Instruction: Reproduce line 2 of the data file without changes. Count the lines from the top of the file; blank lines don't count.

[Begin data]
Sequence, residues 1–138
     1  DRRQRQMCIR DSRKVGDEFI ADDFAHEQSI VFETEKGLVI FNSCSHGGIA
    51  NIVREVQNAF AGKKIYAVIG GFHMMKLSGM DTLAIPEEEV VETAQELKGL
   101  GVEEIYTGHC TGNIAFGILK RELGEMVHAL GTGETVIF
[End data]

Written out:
     1  DRRQRQMCIR DSRKVGDEFI ADDFAHEQSI VFETEKGLVI FNSCSHGGIA